“The risk of this is not only transferring the property out of your name and running the risk of falling out with your children and being asked to leave the house but if your child goes through divorce or bankruptcy, that asset would be taken into consideration. A local authority may also look at this transaction too and find that it was transferred meaning there was deliberate deprivation of assets.

“Trust companies also advertise property trusts which guarantee to protect properties from being taken in payment of care fees however, these companies are usually unregulated and cost thousands of pounds. If a local authority again believes the property was put into a trust as a means of deliberate deprivation of assets the trust could be forced to wind up and the property would still be taken into consideration.”

Care home fee planning trusts can be a waste of money. Ms Charlton emphasises: “They aren’t concrete, because if a local authority believes that the house was put into a trust purposely to prevent it being used for care fees, they may deem this to be deliberate deprivation of assets and reverse the long and very often expensive process of setting up the trust and the property could still be taken into consideration.”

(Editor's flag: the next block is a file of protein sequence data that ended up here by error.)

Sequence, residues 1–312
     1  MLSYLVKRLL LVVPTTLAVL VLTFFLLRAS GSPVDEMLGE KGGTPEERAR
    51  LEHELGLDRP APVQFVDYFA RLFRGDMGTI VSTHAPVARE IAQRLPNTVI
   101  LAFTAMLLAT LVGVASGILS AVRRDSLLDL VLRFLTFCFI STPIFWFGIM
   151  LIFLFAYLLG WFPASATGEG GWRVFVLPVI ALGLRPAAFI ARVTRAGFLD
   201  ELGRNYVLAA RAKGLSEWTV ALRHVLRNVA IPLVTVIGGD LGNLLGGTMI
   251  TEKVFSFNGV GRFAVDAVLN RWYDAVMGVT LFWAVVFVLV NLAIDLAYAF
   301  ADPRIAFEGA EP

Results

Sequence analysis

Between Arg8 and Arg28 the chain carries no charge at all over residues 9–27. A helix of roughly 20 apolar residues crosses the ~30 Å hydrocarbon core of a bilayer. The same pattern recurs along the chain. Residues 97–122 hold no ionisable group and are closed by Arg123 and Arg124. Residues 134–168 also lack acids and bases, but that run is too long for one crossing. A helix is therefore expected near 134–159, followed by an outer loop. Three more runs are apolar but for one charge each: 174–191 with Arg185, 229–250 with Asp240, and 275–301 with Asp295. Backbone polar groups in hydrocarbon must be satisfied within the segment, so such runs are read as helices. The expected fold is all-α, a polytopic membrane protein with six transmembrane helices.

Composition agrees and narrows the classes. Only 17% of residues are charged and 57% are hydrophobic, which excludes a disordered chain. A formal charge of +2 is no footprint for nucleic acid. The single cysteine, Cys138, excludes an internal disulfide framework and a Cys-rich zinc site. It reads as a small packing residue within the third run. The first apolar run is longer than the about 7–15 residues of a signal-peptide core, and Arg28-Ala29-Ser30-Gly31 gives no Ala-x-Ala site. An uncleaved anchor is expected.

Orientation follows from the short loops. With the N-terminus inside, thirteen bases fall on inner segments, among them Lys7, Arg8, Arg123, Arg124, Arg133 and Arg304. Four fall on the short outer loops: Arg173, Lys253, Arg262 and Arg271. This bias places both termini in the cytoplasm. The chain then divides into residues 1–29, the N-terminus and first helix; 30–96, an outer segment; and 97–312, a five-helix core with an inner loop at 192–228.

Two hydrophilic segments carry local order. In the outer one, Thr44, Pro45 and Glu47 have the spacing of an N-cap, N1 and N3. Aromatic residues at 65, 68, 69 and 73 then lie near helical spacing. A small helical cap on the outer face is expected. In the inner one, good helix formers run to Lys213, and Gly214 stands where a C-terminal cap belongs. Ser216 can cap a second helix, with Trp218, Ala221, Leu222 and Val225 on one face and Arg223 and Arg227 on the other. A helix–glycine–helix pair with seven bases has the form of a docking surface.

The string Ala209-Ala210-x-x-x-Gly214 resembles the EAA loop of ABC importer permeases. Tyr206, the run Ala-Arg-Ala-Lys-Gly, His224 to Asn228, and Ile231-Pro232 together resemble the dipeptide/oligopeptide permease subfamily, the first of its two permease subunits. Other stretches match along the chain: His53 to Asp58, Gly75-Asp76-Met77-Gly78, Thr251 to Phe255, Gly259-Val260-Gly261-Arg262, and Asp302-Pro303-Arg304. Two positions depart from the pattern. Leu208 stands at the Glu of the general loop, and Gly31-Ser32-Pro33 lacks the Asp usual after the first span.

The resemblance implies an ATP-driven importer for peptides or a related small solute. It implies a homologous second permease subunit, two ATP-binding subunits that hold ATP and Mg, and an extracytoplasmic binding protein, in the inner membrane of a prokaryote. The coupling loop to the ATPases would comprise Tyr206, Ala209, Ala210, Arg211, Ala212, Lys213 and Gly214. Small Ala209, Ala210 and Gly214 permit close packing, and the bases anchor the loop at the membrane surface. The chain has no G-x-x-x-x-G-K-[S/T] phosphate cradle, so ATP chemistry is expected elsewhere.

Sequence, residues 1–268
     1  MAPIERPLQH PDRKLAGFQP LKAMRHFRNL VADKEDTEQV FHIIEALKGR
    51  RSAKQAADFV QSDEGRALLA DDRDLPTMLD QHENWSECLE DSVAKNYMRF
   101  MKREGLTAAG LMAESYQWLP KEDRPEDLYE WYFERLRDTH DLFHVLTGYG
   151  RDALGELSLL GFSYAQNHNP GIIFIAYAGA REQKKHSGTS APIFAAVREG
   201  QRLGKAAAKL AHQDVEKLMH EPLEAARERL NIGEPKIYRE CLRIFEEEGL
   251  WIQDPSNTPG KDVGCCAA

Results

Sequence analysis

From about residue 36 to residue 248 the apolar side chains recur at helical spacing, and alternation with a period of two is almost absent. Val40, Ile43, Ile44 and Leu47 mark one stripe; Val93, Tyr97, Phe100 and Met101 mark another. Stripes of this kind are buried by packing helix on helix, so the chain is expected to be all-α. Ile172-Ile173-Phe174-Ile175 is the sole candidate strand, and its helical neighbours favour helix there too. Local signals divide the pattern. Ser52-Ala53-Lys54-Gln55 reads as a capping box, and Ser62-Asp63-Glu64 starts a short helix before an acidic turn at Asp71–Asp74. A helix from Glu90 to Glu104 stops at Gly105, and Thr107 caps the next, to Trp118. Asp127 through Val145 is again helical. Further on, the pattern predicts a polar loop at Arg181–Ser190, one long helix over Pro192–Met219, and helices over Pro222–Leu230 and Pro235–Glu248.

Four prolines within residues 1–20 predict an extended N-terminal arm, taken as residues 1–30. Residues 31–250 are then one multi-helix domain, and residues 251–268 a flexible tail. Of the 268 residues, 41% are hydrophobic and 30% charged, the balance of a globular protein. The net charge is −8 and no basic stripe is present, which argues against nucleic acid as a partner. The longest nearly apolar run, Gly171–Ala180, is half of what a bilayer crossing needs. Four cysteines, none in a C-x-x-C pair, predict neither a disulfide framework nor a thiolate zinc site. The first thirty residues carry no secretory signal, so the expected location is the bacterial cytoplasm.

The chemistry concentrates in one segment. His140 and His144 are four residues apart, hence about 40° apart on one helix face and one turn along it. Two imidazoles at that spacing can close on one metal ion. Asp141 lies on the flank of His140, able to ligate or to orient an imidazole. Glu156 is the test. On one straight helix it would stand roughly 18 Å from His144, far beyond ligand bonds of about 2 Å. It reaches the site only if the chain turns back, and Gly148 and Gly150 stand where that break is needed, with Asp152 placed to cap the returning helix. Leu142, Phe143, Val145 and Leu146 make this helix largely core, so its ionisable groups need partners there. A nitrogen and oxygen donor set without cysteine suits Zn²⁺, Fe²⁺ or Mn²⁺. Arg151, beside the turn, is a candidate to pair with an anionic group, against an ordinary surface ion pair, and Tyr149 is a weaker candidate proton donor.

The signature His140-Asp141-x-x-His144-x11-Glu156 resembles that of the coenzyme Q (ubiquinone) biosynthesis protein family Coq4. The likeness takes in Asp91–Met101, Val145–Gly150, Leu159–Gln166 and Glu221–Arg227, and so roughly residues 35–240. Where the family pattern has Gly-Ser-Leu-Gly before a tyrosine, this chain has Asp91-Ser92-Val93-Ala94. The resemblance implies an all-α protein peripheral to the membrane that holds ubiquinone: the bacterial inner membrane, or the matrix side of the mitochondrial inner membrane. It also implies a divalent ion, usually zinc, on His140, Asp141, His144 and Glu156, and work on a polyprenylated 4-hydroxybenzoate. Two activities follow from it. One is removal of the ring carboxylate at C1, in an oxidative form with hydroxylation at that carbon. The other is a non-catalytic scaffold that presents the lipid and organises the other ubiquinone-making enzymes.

Re: Retrospective Continuing Health Care

Posted: Thu Jan 07, 2021 12:45 pm
by Pennie
Unless I'm missing something obvious, I would have thought that your mother would have been eligible for fast-track CHC when she was discharged from hospital in March. The fact that her doctor declared her end-of-life and that she possibly only had a few weeks to live would definitely lend weight to this and just don't understand why it wasn't even considered.

Re: Retrospective Continuing Health Care

Posted: Thu Jan 07, 2021 9:45 pm
by Worrywart
Pennie wrote:
Thu Jan 07, 2021 12:45 pm
Unless I'm missing something obvious, I would have thought that your mother would have been eligible for fast-track CHC when she was discharged from hospital in March. The fact that her doctor declared her end-of-life and that she possibly only had a few weeks to live would definitely lend weight to this and just don't understand why it wasn't even considered.
Thank you Pennie. I did ask repeatedly and was just told if the care home will accept her back and can manage her then there was no need for CHC. I asked for a meeting with the consultant and he said she had weeks and did I really want her moved, I was worried about her going back to the care home as I knew there were no trained staff there, I’d worried about it for years but I was seriously ill myself and thought the authorities must now what they were doing . I have considered making a retrospective claim via a solicitor as I’m so angry about it all but I’m not sure I am up to it. So Pennie if someone is on a plaintive pathway does that increase their chances of receiving CHC?